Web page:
Mother of murdered soldier Lee Rigby threatened with arrest unless she confronts troll

Lyn Rigby, mother of murdered soldier Lee Rigby said she was threatened with arrest unless she attended the appeal hearing of an internet troll who taunted her
Lyn Rigby, mother of murdered soldier Lee Rigby said she was threatened with arrest unless she attended the appeal hearing of an internet troll who taunted her
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The mother of murdered soldier Lee Rigby said she was threatened with arrest unless she attended the appeal hearing of an internet troll who taunted her over his death.

Lyn Rigby said her treatment by authorities was “absurd and shocking” after she was summoned to a court hearing where a graphic image from her son’s murder featured as evidence. Her son served in North Yorkshire for a time and some of his family live near Halifax.

Lee Rigby.

Lee Rigby.

Mrs Rigby said she was left “trembling from head to foot” when a photo of Islamic extremist Michael Adebolajo, covered in her son’s blood and brandishing a meat cleaver, was shown to the court.

“This has been one of the worst weeks since Lee died and it brought all the terrible emotions flooding back to me as if my son had been murdered all over again,” she told the Sunday People.

“I believe in our justice system because it put Lee’s killers behind bars but I don’t believe we should have been forced to court for this man.

“And to threaten us with prosecution if we didn’t attend was just absurd and shocking as well as deeply upsetting. It suggests that my grieving family has somehow done something wrong.”

Conspiracy theorist Christopher Spivey, a grandfather from Rochford, Essex, was convicted of harassing the Rigby family and sending grossly offensive messages over social media in 2015.

He had posted a series of comments on social media about the May 2013 killing in Woolwich, south east London - including claiming the soldier had never existed and that the story of his murder was a conspiracy.

The troll also published the family’s home addresses and private photographs online and contacted the soldier’s sister, Sarah McClure claiming her husband, Rob, also a soldier, and Fusilier Rigby were the same person.

Spivey was eventually found guilty but escaped being sent to jail when a judge suspended his sentence.

After maintaining his innocence he launched an appeal which was reportedly dismissed after a four-day hearing at Chelmsford Crown Court last week.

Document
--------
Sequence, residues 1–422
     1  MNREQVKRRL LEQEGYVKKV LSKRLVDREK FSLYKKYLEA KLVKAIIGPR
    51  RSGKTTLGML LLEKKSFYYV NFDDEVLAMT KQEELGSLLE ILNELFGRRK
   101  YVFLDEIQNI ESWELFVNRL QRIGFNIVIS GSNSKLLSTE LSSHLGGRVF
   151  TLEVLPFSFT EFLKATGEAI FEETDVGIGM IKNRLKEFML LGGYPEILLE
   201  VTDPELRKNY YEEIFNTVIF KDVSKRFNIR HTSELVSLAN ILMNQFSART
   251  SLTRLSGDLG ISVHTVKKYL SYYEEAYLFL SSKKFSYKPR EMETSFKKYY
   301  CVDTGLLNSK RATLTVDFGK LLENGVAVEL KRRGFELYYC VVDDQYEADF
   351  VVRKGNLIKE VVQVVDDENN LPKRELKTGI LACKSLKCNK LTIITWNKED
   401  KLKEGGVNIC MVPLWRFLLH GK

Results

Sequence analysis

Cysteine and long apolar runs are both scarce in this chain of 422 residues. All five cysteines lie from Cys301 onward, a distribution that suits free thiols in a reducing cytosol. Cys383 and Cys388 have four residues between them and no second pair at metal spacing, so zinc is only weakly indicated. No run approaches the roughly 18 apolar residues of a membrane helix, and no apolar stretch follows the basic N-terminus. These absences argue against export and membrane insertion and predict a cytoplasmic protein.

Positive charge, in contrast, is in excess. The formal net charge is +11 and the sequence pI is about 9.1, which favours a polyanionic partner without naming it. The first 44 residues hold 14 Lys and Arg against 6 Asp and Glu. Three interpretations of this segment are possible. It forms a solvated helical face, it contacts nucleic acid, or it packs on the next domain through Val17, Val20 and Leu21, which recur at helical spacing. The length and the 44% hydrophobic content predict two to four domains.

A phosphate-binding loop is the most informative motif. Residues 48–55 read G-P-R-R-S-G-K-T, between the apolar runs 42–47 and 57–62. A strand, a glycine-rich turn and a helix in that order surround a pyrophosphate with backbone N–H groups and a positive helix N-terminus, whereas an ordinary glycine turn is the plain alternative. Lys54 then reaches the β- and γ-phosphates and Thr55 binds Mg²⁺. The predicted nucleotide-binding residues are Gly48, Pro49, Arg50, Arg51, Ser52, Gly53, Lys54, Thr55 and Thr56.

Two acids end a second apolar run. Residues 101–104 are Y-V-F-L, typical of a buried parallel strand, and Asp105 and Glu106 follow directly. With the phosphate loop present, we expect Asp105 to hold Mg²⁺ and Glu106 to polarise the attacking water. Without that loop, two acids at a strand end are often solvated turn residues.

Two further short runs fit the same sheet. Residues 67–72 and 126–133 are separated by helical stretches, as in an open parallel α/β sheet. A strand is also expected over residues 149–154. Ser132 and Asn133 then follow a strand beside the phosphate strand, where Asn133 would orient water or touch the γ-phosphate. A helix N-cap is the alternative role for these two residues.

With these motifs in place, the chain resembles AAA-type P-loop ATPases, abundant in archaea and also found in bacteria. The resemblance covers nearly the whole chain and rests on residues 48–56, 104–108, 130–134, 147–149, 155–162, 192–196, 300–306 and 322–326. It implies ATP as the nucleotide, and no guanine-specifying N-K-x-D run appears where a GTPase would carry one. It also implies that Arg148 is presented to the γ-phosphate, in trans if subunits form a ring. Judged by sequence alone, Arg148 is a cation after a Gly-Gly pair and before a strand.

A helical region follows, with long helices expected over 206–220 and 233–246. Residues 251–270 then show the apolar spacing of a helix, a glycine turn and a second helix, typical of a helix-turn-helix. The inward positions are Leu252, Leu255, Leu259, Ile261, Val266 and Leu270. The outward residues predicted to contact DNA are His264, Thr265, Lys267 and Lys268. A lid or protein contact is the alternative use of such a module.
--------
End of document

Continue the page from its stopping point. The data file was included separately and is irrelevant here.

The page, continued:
Mrs Rigby questioned why she and her daughter were made to attend the hearing via videolink from Bury magistrates’ court after they submitted witness statements.

“It’s horrific enough losing my son in such a violent way but to listen to this man’s twisted drivel was just heaping more misery on me,” she said.

Dave Hines, founder of the National Victims’ Association, criticised her treatment and ministers for failing those affected by crime.

“I feel for Mrs Rigby and the horrendous ordeal she has had to go through. It’s beyond comprehension, it’s completely outrageous and the public will be shocked.

“Families like this are let down by the system,” he said.

A spokesman for the judiciary said: “Judges are acutely aware of the need to reduce as much as possible the painful ordeal witnesses have to go through in cases such as this one, and the option of video links means at least they don’t have to attend court.

“But courts do have to balance that consideration with the need to ensure that justice is done.

“The legislation for an appeal from a magistrates’ court to the Crown Court (as this one was) requires that there is a re-hearing.

“This means that the prosecution has to call the evidence on which it relies - at the Crown Court - in order to prove the case against the accused, unless he is prepared to make admissions of fact.

“That is the only way that the witnesses whose account is an essential part of the case can be spared from giving their evidence a second time.”

He added: “Judges cannot comment out of court on cases they or colleagues have heard.”